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School bus-related traffic violations rise

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By Staff Reports

HILLSVILLE — Virginia State Police charged six motorists in Hillsville last week for passing stopped school buses in Carroll County.

Several buses in the county’s fleet are equipped with camera systems that record the entire routes daily. As a result of the camera systems, motorists who pass stopped school buses are also recorded, and the state police actively uses the recordings to charge and prosecute motorists who violate those laws.

Passing a stopped school bus that is picking up or discharging children is punishable as a charge of reckless driving. Conviction of such an offense carries a possible penalty of a jail sentence up to 12 months and/or a fine of up to $2,500.

“The safety of our children is our primary concern,” said Virginia State Police Sgt. Mike Musser. “One child who gets injured or killed in a crash is too many.”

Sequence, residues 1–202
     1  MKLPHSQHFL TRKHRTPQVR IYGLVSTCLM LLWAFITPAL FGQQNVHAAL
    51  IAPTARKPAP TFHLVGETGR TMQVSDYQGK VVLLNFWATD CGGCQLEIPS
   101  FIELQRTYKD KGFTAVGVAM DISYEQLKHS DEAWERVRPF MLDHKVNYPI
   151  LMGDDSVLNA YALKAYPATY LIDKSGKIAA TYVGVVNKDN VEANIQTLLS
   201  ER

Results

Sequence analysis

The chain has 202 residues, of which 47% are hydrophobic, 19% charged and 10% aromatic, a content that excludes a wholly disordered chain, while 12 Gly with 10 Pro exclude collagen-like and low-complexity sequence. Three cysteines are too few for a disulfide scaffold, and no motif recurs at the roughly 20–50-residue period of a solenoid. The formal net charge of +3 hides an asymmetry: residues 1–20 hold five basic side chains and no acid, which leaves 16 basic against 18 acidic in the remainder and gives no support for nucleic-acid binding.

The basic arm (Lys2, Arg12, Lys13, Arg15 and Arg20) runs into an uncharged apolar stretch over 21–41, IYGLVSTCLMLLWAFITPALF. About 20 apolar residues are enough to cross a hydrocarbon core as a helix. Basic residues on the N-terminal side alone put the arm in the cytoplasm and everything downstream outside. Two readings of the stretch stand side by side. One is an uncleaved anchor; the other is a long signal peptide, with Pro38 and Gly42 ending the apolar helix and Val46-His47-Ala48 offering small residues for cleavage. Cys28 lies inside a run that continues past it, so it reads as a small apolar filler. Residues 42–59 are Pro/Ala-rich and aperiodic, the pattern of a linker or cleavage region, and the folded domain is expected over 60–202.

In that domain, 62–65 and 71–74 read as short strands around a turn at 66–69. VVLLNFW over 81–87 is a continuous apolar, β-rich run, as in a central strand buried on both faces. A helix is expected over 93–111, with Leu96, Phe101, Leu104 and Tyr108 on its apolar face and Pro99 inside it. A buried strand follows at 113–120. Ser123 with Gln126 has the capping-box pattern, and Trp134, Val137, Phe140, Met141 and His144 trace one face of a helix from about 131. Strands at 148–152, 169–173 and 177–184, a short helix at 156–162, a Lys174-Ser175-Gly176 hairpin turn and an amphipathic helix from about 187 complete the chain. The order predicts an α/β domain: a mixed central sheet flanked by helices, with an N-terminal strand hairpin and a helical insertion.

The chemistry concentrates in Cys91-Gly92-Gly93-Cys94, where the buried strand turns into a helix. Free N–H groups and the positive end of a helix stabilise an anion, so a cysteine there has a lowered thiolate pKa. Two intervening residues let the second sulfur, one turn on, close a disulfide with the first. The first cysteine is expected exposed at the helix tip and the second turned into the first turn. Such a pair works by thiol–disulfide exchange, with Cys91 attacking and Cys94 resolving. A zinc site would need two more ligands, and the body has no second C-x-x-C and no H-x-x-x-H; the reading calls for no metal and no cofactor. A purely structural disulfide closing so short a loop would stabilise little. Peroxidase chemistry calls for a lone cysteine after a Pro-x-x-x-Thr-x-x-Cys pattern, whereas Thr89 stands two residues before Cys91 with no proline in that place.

Musser said that the incidents happened on Stuart Drive, just west of the traffic light, and occurred on both mornings and evenings.

“Similar incidents have occurred in different places in the county, but the largest concentration are in Hillsville where traffic volume is higher and it often involves more than one lane,” noted Musser.

According to Musser, the stopped school bus law states that, even if there is more than one lane in each direction, motorists must stop when approaching from the opposite direction, unless there is a physical barrier between the vehicle and the bus, such as a grassy median.

The Hillsville incidents, he said, involve roads with one lane going west and two lanes approaching the traffic light.